This is my second Marcus Sedgwick book and I will say that I thought that MidwinterBlood was the better of the two. This book was advertised as horror and is undeniably creepy and suspenseful. Sedgwick’s prose once again has the same sparse quality that I admired in MidwinterBlood and while it works, especially for the setting and atmosphere, I feel character development was lacking in this book. I am left unsure if this was purposeful, to leave it up to the reader to come up with some of their own ideas about the characters or if it really was due to being rushed, which was how it felt to me.
The most intriguing character in the book is Ferelith, (even though I found her name a little pretentious and annoying) but I really wanted to know more about her. The story is told in alternating POVs of the girls and a rector or priest from the 1790’s. There was a very interesting historical tie in that I was already familiar with and so I found it a good hook for the story for me. The book certainly was creepy, however not in the same league as Stephen King’s Salem’s Lot, which I read as a teen and it had me sleeping with the lights on for weeks and making sure my curtains were shut tight at night. The ending was good and had a twist to it.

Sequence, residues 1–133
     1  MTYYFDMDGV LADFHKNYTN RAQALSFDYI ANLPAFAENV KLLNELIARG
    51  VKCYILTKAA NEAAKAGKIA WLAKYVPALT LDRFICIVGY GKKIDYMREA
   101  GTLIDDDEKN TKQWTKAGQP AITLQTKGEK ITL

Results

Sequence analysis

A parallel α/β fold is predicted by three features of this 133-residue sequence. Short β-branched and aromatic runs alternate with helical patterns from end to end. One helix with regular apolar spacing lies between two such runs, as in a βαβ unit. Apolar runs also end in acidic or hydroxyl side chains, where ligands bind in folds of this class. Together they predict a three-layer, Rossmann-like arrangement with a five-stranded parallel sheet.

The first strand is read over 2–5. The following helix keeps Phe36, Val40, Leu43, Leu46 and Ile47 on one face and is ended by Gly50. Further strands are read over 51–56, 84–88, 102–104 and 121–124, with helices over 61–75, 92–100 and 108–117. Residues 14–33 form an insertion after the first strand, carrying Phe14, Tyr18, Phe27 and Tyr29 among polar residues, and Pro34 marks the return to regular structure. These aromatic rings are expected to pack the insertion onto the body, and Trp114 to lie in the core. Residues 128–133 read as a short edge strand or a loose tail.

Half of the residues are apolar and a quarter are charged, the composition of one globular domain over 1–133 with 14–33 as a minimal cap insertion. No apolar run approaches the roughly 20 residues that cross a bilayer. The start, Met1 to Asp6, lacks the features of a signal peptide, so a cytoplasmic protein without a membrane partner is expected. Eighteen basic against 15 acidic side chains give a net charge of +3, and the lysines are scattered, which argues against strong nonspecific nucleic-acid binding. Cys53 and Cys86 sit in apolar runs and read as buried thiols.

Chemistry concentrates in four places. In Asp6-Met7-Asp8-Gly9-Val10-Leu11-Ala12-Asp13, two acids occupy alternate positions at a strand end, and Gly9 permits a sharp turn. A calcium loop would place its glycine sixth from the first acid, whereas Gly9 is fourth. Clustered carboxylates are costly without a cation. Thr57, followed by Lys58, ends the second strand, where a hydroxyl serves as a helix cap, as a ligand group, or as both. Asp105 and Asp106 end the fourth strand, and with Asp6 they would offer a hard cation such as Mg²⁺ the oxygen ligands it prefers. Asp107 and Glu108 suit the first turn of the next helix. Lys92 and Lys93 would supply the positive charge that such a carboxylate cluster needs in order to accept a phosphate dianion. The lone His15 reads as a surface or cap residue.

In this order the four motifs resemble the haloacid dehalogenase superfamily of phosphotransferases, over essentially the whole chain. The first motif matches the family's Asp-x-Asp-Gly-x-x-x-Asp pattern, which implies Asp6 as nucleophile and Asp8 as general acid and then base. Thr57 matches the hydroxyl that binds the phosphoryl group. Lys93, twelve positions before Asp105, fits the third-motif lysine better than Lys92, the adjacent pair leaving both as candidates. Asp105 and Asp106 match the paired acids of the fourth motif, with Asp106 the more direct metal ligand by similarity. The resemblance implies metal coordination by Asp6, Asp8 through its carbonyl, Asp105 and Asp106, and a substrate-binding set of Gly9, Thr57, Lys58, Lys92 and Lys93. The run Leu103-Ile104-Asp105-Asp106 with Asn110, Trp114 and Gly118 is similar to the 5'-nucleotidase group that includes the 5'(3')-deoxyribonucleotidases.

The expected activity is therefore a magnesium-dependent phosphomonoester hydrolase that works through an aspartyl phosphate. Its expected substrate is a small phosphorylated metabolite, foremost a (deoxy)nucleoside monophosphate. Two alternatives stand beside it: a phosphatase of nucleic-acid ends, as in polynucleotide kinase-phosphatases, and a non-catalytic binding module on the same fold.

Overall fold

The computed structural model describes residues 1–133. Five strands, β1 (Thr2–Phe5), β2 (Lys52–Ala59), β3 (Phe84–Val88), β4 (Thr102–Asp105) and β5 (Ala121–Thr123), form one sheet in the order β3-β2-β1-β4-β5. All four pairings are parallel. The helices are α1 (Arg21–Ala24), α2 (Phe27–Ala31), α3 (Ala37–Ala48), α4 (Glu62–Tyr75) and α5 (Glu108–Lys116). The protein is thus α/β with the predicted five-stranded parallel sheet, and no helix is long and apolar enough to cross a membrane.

On the whole, very quick, easy read, lovely succinct prose, but felt rushed with not enough meat to the characters.